Yes, even though my system IS overclocked, it's not because of memory! If I was running at stock CPU speeds, I could still run the memory at 1600MHz

My two cents.
My System SpecsSystem Spec
.

18 Nov 2010   #14
sygnus21

Windows 10 Pro
 
 

Quote   Quote: Originally Posted by janno View Post
mine is now:

Attachment 115304
Actually your memory is running @ 1079.4 since the memory is dual channel - 539.7 x 2 = 1079.4

See these posts....

- my ram (1600 mhz) is showing as 1066mhz

- win7 64bit only recognizing 6gig of my 8gig of ram

Also have a look at your CPU-Z memory tab. Here's mine

my ram (1600 mhz) is showing as 1066mhz-cpuz-memory-tab.jpg


My System SpecsSystem Spec
18 Nov 2010   #15
fseal

Windows 7 x64 Ultimate
 
 

Quote   Quote: Originally Posted by sygnus21 View Post
Actually you can run @1600MHz with the click of a BIOS setting without even having to overclock the CPU just by enabling XMP.

So, if the RAM is 1600 and the memory and motherboard support XMP, choosing the XMP mode WILL run the memory at 1600. Or.... you can set it manually and still not touch settings that overclock the CPU.

Yes, even though my system IS overclocked, it's not because of memory! If I was running at stock CPU speeds, I could still run the memory at 1600MHz

My two cents.
Hmm, I haven't tried looking at that, I'm running at 1333 myself. THough in the past I've generally found that maxing the ram speed isn;t all it's cracked up to be, the temp on the modules tends to skyrocket for virtually no gain in app benchmarks so I personally just let it slide with the BIOSes safe and sane settings WRT memory... But It might be interesting to give it shot, I've to temp probes on my modules already
My System SpecsSystem Spec
18 Nov 2010   #16
sygnus21

Windows 10 Pro
 
 

I've actually never ever had high temps with my memory because I don't push them byond their specs!

I use Corsair and they guarantee their memory to run at the specs they set. This includes no excessive heat.

Now, if you push beyond limits.... well

Anyway the modules I have also feature an XMP profile that automatically sets volts, timings and speed. Of course the motherboard's BIOS also has to support XMP as well.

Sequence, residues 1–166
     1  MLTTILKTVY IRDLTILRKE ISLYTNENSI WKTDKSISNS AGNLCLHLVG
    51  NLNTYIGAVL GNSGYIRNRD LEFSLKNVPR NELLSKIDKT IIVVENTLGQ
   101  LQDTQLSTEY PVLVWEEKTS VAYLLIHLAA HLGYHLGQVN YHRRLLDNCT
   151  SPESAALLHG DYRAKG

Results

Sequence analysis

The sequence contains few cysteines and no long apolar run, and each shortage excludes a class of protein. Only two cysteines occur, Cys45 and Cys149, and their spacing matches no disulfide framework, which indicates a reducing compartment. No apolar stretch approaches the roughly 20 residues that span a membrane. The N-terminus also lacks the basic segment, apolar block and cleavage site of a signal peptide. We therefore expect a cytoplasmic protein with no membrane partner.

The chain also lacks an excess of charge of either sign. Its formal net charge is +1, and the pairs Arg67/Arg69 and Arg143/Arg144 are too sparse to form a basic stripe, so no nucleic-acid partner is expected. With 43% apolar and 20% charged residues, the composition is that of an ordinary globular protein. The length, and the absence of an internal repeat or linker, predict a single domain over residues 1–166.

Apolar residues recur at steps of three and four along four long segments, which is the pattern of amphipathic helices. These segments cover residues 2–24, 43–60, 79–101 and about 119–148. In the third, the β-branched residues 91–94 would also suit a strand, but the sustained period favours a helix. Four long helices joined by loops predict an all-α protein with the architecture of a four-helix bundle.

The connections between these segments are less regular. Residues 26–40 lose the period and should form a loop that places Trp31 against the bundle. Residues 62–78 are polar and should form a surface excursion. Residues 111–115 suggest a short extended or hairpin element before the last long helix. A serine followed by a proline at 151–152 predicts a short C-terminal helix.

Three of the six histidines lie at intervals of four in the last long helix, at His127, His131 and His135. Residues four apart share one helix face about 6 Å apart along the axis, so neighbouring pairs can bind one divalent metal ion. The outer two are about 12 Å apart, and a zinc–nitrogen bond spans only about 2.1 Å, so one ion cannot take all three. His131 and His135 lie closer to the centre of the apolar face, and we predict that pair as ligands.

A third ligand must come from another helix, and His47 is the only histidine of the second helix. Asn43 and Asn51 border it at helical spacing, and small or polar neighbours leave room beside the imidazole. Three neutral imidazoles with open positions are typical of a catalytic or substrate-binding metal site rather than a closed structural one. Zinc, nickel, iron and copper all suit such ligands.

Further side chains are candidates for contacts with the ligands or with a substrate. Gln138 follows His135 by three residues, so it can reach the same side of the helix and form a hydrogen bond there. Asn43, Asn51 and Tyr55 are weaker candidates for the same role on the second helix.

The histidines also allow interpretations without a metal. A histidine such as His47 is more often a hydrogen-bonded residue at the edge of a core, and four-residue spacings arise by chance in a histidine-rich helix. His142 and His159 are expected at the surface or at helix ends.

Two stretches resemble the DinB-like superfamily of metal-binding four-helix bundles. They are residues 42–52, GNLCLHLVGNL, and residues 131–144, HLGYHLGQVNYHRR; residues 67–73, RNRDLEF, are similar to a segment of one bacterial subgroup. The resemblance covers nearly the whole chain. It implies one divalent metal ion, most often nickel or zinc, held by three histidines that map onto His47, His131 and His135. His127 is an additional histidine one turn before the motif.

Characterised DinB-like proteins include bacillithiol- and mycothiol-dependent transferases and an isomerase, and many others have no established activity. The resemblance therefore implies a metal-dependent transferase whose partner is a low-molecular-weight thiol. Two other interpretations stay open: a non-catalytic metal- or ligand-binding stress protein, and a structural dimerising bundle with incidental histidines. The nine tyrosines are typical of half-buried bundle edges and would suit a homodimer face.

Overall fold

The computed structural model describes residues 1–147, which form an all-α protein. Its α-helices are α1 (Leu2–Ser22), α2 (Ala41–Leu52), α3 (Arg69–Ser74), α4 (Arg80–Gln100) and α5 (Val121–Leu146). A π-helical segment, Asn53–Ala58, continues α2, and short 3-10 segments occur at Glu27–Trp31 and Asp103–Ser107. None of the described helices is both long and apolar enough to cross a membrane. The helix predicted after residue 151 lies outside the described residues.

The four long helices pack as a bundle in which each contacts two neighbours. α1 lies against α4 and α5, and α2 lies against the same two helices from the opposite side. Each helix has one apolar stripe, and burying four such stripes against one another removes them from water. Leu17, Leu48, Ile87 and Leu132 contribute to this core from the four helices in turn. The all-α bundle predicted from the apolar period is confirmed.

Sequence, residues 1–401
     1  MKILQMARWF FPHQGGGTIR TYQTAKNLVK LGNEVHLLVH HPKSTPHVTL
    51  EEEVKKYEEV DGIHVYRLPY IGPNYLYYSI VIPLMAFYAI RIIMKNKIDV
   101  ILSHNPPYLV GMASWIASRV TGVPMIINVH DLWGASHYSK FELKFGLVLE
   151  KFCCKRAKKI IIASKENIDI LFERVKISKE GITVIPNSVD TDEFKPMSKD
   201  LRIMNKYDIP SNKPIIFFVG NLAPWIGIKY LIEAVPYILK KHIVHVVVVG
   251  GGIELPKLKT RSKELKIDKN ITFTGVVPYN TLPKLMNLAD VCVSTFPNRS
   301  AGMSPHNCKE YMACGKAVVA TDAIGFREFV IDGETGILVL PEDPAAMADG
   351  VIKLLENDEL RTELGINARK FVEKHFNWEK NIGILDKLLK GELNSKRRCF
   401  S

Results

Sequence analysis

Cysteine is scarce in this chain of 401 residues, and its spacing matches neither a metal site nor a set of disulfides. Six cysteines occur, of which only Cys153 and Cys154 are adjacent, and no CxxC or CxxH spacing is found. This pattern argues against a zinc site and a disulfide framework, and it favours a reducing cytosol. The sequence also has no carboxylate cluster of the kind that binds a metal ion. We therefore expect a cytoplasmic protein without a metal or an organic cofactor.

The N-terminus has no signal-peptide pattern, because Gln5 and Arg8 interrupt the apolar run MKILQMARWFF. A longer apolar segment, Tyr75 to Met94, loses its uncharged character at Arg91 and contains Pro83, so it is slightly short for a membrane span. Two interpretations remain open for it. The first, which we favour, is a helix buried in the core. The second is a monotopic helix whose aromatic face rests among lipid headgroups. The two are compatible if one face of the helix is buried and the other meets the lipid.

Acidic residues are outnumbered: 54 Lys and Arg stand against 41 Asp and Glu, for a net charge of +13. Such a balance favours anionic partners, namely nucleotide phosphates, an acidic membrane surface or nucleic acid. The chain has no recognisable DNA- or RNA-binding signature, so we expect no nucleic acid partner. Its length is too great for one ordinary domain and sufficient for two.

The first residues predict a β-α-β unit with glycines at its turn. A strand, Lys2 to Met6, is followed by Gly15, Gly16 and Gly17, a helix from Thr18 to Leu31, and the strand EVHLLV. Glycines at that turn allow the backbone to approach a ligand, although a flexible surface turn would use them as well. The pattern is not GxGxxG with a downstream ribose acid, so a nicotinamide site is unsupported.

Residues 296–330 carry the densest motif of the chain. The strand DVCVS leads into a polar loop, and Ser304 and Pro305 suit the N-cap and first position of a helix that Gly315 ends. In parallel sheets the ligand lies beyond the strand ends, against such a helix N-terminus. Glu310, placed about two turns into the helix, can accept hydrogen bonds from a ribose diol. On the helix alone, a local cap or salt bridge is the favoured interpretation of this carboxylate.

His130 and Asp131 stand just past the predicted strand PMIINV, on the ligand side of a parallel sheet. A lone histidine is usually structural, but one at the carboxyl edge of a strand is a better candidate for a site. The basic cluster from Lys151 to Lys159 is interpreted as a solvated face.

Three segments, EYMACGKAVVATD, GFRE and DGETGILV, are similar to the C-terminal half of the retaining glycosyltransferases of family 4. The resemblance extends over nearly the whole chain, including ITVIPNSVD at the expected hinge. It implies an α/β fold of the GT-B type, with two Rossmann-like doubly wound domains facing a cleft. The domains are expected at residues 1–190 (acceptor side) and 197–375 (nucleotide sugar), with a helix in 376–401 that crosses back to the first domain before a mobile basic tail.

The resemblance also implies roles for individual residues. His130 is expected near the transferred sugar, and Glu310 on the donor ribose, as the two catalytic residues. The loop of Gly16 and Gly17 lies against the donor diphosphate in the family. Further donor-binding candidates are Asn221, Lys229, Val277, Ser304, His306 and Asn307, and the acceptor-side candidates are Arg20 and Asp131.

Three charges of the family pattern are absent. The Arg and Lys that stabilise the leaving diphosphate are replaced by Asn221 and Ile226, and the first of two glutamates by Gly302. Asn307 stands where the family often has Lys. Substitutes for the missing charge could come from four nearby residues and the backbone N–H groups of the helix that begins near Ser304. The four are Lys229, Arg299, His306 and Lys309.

However, I like to set my memory manually as I find the XMP settings on my board tends to slighty overvolt certain settings. This ensures I have the memory running at it's optimum speed without overvolting.

Also, as a side note.... some memory will give errors if not set correctly. Example, most X58 boards will set the memory voltage to 1.5volts instead of the recommended 1.6volt some memory need.

So for example, you buy "performance" memory that's rated at 1.6volts, but the board sets them at 1.5, the memory "may" produce errors unless the voltage is raised to the recommended specs.

This is why some people have "issues" with "performance" memory. This is why I always recommend people set their memory manually.

My two cents.
My System SpecsSystem Spec
18 Nov 2010   #17
Glhs958

Windows 7 Ultimate 64bit
 
 

Unless I am wrong your cpu's integrated memory controller only supports ddr3 800/1066
Intel® Core
My System SpecsSystem Spec
18 Nov 2010   #18
sygnus21

Windows 10 Pro
 
 

It may say that, but the support is actually higher for the memory. And let's not forget, the BIOS's will determine that as well.

Intel may not "officially" support it, but the support is there. Sort of like they don't officially support overclocking..... but their i7-920's/930's are flying off the shelf with this specifically in mind

I can't find it right now, but there was some controversay about Intel's board (DX58SO) failure to support 1600MHz RAM and Intel released a BIOS supporting it.
My System SpecsSystem Spec
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 my ram (1600 mhz) is showing as 1066mhz